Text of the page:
As far as we’ve seen, fun and creativity are rarities when it comes to research publications. So any study riffing on Sergio Leone was bound to catch our eye.
E. Coli: The Good, the Bad and the Deadly is a comprehensive look at the most studied bacteria in science. It was put together by American Academy of Microbiology as part of its FAQ series.
The timing couldn’t be better. Just this summer a deadly e. coli outbreak spread across Europe, impacting Germany, France and other European countries. Its source was eventually traced to contaminated fenugreek seeds imported from Egypt.
The report tackles important questions such as:
- How do foods get contaminated? Answer: “It all starts with poop” (direct quote). A common source is manure used for fertilizer in agriculture. Insects can deposit fecal matter on plants–feces from slaughtered cattle can make in onto beef.
- Why does e. coli contamination seem to be on the rise? Mass production of food and importing of food from countries where inspection standards may be lower both play a role. An increase in consumption of raw and organic foods could also contribute.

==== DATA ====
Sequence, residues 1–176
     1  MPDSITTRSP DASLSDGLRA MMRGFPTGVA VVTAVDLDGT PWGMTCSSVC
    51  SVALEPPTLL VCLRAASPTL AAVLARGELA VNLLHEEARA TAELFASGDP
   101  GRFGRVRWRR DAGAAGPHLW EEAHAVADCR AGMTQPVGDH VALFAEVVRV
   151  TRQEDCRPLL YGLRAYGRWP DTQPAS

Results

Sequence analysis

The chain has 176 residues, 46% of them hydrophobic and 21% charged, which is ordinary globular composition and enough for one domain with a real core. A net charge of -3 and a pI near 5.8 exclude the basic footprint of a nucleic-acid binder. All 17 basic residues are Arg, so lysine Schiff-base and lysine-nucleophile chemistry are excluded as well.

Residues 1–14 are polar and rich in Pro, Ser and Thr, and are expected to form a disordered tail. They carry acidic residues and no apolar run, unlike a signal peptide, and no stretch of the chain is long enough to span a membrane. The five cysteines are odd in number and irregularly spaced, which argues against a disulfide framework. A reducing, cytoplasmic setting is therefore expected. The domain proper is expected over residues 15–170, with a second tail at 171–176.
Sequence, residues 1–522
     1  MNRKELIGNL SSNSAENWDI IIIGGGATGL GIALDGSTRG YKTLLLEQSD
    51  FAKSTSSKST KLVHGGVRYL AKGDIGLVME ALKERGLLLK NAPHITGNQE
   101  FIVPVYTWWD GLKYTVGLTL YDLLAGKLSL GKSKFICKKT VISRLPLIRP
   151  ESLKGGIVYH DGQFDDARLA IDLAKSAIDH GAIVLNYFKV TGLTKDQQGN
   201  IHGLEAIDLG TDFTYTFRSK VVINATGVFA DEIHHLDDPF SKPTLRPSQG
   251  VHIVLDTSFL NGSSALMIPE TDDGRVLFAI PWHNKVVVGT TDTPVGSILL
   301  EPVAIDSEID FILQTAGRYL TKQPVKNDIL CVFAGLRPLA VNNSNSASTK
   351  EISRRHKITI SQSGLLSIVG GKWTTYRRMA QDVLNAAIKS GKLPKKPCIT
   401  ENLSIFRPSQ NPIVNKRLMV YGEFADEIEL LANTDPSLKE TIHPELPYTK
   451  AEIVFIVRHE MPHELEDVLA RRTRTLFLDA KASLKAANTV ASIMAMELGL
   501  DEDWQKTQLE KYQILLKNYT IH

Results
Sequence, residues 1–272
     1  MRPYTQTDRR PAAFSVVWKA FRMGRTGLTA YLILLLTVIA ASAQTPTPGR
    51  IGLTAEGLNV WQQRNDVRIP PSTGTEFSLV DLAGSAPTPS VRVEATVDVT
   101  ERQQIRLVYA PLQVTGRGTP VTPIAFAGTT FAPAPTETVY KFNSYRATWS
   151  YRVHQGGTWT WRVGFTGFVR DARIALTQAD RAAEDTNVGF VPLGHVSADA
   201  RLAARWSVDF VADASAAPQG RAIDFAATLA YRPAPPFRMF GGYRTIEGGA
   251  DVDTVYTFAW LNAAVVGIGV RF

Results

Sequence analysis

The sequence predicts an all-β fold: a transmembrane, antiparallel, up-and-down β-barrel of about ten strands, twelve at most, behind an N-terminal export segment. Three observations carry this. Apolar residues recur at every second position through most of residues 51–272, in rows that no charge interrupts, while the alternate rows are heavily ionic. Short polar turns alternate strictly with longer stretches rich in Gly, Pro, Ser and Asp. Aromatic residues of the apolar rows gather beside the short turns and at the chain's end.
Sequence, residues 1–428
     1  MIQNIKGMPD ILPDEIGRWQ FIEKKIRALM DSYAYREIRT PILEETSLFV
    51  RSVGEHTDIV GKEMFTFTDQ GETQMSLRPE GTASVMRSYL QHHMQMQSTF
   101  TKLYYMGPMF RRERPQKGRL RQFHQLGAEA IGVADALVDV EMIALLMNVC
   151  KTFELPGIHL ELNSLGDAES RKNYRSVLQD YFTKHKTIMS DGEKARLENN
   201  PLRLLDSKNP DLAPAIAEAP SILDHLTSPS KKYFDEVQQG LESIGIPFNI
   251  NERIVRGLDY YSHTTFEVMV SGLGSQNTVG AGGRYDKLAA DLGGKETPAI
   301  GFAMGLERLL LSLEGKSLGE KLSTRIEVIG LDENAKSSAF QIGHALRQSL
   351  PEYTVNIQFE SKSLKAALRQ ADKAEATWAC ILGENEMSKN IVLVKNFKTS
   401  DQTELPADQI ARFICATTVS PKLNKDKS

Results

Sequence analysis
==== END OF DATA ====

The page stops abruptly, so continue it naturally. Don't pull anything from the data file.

- What is being done to protect food from contamination? Improved inspection techniques are probably the most important strategy. Apart from that there are a couple more aggressive strategies under investigation, including vaccination and irradiation (!). Yep, you read that right–passing high energy beams could kill mold, bacteria and even insects in food, with “minimal” impact on appearance and taste. However, the report emphasizes the best way to protect ourselves from e. coli is to properly wash and cook food.
The Good, the Bad and the Deadly is about more than just the nuts and bolts of food safety, though. Sprinkled throughout is some interesting trivia. Between 1958 and 2008 e. coli-related research projects won 11 Nobel Prizes, for example.
This is the latest offering in a series of reports meant to address health issues in a timely fashion. Content is based on a single day’s discussion of e. coli by 13 leading experts, who met back in September. Michael Doyle of the University of Georgia Center for Food Safety, a member of the steering committee, said:
The story of E. coli, what we are trying to tell in this report, is really much larger than just its role as a pathogen. It’s been such a large component of research for so long–so much of what we know about biology has come from studying e. coli.
You can view or download the full report here.